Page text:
Just the other day I was musing on my ’90s experiences in the Cleveland music scene: DJing clubs and on the radio, writing two books and for various local and national publications, compiling a greatest hits collection for Cleveland. And since Cleveland really isn’t all that big a town (are any, really?), there were a few people I either worked with or bumped into one way or another all the time. And Johan was one of them – whatever happened to that huge goofball? (not that his goofballatry was huge, HE is huge and also a goofball)
- Linas Johansonas was called a few names by his constituents in Cleveland’s music industry.
But his radio personality names were “The Noodle” and “Johan.”
….As a marketing director for the Agora Theatre in Cleveland, an award-winning disc jockey on WENZ-FM (107.9) radio show “Inner Sanctum,” and the former co-president of Flax Records (affiliated with Cleveland International Records), he understands the mechanisms of music promotion and production.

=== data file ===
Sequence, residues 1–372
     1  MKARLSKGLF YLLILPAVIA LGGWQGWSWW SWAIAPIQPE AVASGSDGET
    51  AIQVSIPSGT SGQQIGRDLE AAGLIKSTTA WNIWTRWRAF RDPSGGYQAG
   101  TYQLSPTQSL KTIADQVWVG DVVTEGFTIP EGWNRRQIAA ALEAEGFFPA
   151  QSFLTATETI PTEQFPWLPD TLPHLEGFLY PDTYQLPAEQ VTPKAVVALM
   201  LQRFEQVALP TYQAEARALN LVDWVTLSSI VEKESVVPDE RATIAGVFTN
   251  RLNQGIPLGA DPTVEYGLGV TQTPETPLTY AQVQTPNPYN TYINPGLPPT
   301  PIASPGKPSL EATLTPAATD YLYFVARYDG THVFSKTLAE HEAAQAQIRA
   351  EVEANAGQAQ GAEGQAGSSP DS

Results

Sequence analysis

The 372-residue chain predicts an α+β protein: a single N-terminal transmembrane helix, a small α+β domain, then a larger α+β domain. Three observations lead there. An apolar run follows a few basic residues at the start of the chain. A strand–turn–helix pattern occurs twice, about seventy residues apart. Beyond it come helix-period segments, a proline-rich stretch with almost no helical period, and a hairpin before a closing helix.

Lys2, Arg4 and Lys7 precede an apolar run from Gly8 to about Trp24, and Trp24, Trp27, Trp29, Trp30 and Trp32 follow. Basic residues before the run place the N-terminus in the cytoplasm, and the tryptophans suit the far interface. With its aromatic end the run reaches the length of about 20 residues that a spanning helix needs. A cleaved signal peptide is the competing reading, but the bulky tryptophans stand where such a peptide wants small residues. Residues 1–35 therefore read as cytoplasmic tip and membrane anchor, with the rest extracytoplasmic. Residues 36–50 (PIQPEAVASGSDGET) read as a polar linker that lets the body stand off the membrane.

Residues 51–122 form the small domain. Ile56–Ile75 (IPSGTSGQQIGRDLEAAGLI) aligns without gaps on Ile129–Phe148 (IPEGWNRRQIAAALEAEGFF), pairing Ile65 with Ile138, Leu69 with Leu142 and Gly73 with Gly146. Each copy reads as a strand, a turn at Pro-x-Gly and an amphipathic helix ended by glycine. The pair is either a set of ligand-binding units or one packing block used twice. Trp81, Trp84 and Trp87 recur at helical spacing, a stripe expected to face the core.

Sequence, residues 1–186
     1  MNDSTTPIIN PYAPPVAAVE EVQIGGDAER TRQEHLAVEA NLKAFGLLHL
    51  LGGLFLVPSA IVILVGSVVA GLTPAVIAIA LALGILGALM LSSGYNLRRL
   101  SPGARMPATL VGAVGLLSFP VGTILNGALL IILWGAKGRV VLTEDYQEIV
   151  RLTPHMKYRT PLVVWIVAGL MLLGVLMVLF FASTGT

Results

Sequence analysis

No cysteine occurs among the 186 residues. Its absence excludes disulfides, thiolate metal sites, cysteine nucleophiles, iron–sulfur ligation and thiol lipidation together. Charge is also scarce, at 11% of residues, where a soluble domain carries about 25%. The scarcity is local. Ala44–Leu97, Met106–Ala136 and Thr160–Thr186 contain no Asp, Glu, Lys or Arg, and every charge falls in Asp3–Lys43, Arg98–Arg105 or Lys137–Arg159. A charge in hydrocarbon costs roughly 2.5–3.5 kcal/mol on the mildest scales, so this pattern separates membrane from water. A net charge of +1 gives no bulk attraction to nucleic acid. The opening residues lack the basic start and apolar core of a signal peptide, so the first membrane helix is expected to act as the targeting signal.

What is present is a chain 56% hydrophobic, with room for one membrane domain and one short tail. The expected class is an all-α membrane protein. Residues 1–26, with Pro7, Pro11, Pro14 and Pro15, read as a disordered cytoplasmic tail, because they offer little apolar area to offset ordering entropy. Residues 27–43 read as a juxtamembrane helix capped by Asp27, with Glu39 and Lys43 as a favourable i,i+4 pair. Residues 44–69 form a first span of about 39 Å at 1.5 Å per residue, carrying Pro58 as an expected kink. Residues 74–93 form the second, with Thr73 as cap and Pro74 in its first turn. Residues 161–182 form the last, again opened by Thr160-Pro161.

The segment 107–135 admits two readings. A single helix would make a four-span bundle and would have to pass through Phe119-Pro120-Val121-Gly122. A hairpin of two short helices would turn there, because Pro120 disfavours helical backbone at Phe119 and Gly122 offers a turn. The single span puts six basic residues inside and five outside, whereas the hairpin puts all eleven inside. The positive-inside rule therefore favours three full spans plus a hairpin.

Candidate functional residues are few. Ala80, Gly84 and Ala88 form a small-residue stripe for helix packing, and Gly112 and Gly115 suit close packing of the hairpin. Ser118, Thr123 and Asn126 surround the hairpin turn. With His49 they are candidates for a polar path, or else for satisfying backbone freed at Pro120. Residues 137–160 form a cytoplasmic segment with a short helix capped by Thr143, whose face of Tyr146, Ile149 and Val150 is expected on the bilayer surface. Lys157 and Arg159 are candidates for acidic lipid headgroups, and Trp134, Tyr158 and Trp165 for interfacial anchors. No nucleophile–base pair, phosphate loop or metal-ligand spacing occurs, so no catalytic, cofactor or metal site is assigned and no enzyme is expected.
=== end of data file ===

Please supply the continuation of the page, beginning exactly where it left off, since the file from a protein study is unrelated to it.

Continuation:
Being co-owner of Flax Records didn’t hold its appeal for long, he said. “I didn’t want the hopes and dreams of five musicians saddled on my shoulders. I knew them all too well.”
Over a 15-year career, he promoted more than 1,000 shows as marketing director at the old Agora Ballroom, which burned to the ground, and at the Agora Theatre, when it was relocated on Euclid Avenue in Cleveland.
He’s defined as a pillar of the Cleveland music scene in “Networking in the Music Industry” written by Jim Clevo and Eric Olsen. His name is mentioned several times in “Rock ‘n’ Roll and the Cleveland Connection” by Deanna R. Adams, and in “Radio Daze” written by Mike Olszewski.
He left the broadcast business when WENZ was sold to Radio One Inc., and was transformed into an urban-formatted radio station.
Hey, I left “The End” then also.
- These days, Johansonas is thinking that smaller is definitely better.